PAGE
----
In order to try and tidy up some of the mess I had made in the previous stage of testing, I set aside my airbrush in favour of a regular brush.

Here’s how our Lord of Pain was looking after being basecoated.

Scale75 Fantasy and Games Unnatural Flesh Paints Review Based Front

I re-applied a lot of various mixed of Moonray Flesh and Resurrection Flesh across a lot of his body to cover up some of the marks left during the airbrushing phase.

The Scale75 Unnatural Flesh paints have very thin pigments which essentially means two things: the first is that these paints spread like warm butter and are extremely satisfying to use. The second is that because the paints are naturally thin, you’ll need to put plenty of layers on your figures in order to build up a strong, opaque texture.

Scale75 Fantasy and Games Unnatural Flesh Paints Review Based Back

This isn’t a bad thing though, as it makes it easier to blend between the paints on the surface of your figures. It also prevents you from lumping great dollops of paint into all the detail of your figure and outright ruining it. Sure, you’ll have to be far more patient with your layers than you would with, say, a Citadel base paint, but the results from using a Scale75 paint as a base are excellent.

Drybrushing

I had originally hoped I might be able to skip using any kind of shader on the Lord of Pain’s flesh and just be able to use the paints in the box in order to build up a satisfying flesh colour, but after my dismal airbrushing and make-do-and-mend base layer, I felt the flesh on the figure was lacking a certain something, so I gave in and applied a little thinned-down reikland Fleshshade to all the skin areas.

This worked in my favour, though, as once I’d given the flesh areas a wash with some thinned Reikland Fleshshade the skin was ripe for drybrushing. Using that same Moonray Flesh/Resurrection Flesh mix that I had touched up some of the areas with during the basing step, using a very small drybrush I re-applied the paint to the skin textures.

Scale75 Fantasy and Games Unnatural Flesh Paints Review Drybrushed Front
Scale75 Fantasy and Games Unnatural Flesh Paints Review Drybrushed Back

It actually came out a lot better than I was anticipating. I had been concerned that the thinner, more watery Scale75 paints might not lend themselves to drybrushing so well, but with a little careful preparation, I found I was able to achieve a colour transition I was pleased with, and a suitable layer from which I could build on with further details.

Layering

This is where the Scale75 paints really come into their own.

Here’s the finished model:

Scale75 Fantasy and Games Unnatural Flesh Paints Review Complete Front

It’s very easy to build up a satisfying level of colour across the flesh areas. For this, I used mainly Moonray Flesh, Resurrection Flesh, and a little Bloodfest Crimson on some of the darkest areas of skin to add a little depth.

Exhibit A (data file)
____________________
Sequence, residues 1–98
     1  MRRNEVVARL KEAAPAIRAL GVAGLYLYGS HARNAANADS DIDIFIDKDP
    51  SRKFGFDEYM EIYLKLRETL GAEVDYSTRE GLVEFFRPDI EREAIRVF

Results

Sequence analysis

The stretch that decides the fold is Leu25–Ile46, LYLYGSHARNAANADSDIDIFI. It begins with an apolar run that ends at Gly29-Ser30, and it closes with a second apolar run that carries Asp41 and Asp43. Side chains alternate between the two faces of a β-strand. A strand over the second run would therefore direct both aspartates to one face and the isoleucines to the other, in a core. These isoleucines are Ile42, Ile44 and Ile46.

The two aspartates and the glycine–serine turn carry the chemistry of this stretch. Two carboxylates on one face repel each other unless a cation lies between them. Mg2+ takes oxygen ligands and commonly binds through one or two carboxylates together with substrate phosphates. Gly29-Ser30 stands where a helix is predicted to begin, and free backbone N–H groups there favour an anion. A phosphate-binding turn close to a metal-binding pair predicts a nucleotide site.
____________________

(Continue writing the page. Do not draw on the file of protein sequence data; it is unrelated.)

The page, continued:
Scale75 Fantasy and Games Unnatural Flesh Paints Review Complete Back

Slick, thin, and smooth as silk, the Scale75 Unnatural Flesh paints layered onto the figure like a dream. The natural thinness of the paints means they adhere to your brush nicely, and flow easily and evenly onto any surface you apply them to.

These are the paints for layering. They’re absolutely fantastic.

Scale75 Fantasy and Games Collection: Unnatural Flesh Review – Price and Availability

Scale75’s Fantasy and Games range will be available from most good online hobby retailers and can usually be picked up as individual paints or in their boxed sets. They usually clock in at around £25 for a box, which, as I said in our Metal ‘n’ Alchemy review and will reiterate here, is an absolute steal for eight superb paints.

Scale75 Fantasy and Games Collection: Unnatural Flesh Review – Final Thoughts

ProsCons
Easy to use…
Paints are as delightfully smooth
Ultra-fine pigments and near-flawless consistencies
Good range of colour tones to build your perfect hue from
…difficult to master
Some paints are easier to use than others
Problematic with an airbrush

Once again, I feel myself quoting almost exactly what I said about Scale75’s Metal ‘n’ Alchemy paints: these paints are, without doubt, easy to use but difficult to master. Sure, any rookie will be able to pick up any of the paints in the Unnatural Flesh box and make a good go of using them – and probably get some super pleasing results to boot – but in the hands of a pro these paints will veritably dance across your figures, and the results you get will be phenomenal.

I’m not going to mark these paints down too harshly for the issues I experienced as there’s a good chance these were actually just Rob issues and not problems with Scale75’s paints. But, at the same time, if I had problems with them, there’s a good chance other beginner to intermediate-level painters might do too.

Still, airbrush troubles aside, these remain stand-out paints that are definitely worth a look.

Rating: 4 out of 5.

Click this link & buy your hobby stuff from Element Games for the UK & Europe to support FauxHammer.com – Use Code “FAUX2768” at the checkout for double reward points.

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Author

  • Rob has spent most of the last 15 years playing World of Warcraft and writing stories set in made-up worlds. At some point, he also managed to get a Master's degree by writing about Medieval zombies.

About VoltorRWH 74 Articles
Rob has spent most of the last 15 years playing World of Warcraft and writing stories set in made-up worlds. At some point, he also managed to get a Master's degree by writing about Medieval zombies.